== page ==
Quality and co-operation are the words
QUALITY assurance and more co-operation between producers and buyers will be essential for the future of the beef industry.
That was the conclusion of a meeting held last week between the RASE and the Institute of Grocery Distribution – of which all supermarkets are members – aimed at identifying how to regain consumer confidence in beef.
According to RASE spokesman Alan Spedding, the main message to emerge from the conference was that the entire industry must work together, and must now be seen to be whiter than white.
"We have got to stop blaming everyone else for the crisis, and work towards regaining the market. Now every time beef is mentioned, consumers think of BSE. We have been reactive up until now – acknowledging that there are problems, then doing something about clearing them up. Now we have to over-deliver – the industry must be seen as being spectacularly clean – and weve got to get it right."
Quality assurance schemes and better traceability were key to regaining consumer confidence, says Mr Spedding. "Although there needs to be more discussion on the topic, traceability from farm to cuts of beef on the supermarket shelf will be essential. Independent auditing of quality assurance schemes is also vital."
A better working relationship between farmers and buyers such as supermarkets would help ensure that quality assurance schemes do not become impractical, he says. "Closer links between the two should help avoid schemes becoming unworkable; if we work as a team rather than standards being imposed from above then theres a better chance they will work."
The Institute of Grocery Distribution is considering setting up a scheme similar to the Strathclyde food project, with beef high on the agenda. "Supermarkets do want to buy British beef; its easier to source and they can ensure it meets their standards. I believe they are willing to work hard to improve the market for British beef."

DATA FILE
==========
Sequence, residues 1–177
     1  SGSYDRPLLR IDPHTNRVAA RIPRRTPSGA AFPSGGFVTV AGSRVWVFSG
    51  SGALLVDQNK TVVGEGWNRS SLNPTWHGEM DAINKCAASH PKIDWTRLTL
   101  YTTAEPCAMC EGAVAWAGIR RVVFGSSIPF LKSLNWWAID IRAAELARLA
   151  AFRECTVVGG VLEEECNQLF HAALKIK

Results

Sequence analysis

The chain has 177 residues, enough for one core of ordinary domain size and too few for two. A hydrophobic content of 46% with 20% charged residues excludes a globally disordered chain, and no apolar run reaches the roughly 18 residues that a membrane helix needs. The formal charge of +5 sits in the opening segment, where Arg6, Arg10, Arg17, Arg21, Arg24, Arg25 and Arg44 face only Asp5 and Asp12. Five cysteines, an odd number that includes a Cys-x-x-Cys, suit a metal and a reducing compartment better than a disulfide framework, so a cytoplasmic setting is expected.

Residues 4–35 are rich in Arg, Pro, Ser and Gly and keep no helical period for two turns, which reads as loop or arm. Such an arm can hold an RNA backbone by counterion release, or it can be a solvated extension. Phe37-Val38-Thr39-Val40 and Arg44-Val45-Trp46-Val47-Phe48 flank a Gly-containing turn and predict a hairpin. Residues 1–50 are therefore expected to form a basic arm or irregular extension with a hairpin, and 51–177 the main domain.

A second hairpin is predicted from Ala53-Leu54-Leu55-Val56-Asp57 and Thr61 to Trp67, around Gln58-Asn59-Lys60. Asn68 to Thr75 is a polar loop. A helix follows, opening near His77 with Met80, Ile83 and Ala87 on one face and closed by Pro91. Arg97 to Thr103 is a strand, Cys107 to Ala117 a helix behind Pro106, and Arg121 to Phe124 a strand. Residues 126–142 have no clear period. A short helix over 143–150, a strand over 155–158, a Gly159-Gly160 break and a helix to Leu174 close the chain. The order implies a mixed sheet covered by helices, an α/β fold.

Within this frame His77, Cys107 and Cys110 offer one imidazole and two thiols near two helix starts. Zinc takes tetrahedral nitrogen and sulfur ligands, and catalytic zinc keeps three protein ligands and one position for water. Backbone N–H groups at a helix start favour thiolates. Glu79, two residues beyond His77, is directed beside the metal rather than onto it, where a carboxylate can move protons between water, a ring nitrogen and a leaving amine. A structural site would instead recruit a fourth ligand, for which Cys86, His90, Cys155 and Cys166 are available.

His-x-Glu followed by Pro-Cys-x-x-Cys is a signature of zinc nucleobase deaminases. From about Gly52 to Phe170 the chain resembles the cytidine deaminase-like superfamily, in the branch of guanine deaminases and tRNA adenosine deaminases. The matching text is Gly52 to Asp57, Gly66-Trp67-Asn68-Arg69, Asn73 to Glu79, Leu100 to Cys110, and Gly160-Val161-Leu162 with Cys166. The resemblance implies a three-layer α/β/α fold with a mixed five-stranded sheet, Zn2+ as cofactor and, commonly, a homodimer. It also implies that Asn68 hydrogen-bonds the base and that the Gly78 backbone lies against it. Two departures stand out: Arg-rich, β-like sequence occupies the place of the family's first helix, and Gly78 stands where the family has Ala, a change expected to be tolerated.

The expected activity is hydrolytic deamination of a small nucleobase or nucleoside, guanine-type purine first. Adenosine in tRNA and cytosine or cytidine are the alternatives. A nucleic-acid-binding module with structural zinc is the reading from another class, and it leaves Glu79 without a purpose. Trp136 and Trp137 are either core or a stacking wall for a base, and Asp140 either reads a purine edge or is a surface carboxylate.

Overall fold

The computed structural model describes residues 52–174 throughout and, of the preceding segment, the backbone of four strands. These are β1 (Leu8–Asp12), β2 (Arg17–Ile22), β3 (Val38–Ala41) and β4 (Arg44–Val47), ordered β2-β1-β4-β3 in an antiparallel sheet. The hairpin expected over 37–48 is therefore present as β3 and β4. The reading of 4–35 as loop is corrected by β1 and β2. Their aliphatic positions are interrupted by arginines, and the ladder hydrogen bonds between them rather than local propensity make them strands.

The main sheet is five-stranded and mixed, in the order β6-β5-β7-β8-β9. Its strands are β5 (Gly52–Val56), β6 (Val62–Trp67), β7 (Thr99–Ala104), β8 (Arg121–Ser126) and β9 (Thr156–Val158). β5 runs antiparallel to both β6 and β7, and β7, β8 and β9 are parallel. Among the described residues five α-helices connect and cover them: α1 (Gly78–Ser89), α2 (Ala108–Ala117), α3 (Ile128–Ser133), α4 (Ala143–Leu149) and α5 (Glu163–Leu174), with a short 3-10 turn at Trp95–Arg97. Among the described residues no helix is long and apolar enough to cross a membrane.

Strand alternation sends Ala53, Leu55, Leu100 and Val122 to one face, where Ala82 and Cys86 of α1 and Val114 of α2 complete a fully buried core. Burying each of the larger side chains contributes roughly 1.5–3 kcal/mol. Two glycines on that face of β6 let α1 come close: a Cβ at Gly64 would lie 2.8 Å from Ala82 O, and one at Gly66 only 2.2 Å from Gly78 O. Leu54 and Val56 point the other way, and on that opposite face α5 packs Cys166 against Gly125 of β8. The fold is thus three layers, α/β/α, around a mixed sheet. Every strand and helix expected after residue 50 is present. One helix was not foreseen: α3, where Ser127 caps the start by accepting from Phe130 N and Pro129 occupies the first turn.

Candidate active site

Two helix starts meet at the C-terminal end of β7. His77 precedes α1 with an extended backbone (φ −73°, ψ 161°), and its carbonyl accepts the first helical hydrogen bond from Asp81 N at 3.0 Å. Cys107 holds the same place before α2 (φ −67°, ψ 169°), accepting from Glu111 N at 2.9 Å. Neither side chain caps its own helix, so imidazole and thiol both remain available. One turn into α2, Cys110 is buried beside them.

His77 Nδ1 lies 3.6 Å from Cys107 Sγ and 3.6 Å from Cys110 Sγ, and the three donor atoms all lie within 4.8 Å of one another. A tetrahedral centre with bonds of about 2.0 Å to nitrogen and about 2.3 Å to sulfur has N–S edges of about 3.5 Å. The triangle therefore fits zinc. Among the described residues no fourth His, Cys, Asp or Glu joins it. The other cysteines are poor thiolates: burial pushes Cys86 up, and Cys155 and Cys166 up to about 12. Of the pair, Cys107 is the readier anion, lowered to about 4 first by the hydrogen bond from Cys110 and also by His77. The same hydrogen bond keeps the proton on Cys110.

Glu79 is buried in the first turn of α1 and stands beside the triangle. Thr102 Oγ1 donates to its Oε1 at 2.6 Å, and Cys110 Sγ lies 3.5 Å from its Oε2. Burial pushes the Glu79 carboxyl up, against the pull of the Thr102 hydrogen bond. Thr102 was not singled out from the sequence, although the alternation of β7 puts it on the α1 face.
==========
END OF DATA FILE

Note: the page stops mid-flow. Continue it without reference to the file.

Supermarket pundits also feel that there are many consumers who have stopped eating beef, but will start again as soon as they are convinced it is safe.
"Buyers feel these consumers just need a push; they need to be given the feeling that they dont need to worry about the safety of beef. Thats why the industry needs to work together towards quality assurance and traceability."
But quality assurance and traceability do add to costs, warns Mr Spedding. "The economics are difficult, particularly at a time when we are over-producing beef. It may be that we have to move towards more extensive systems, with more suckler beef, and that could be tricky with little likelihood of better prices in the long term."
The opening up of free trade within the EU, and pressure to reduce CAP spending mean beef producers face a double whammy of imports which are not subject to restrictions, and lower subsidy payments.
"The industry is going to be squeezed, and there is pain on the way for all producers. People should be prepared to make difficult decisions about their farm, and there has to be a willingness to change. But the producers who do survive will be those who are most efficient, and produce what the market wants."
BEEF MARKET NEEDS
• Producers and buyers closer.
• Quality assurance and traceability vital.
• Consumers waiting for assurance.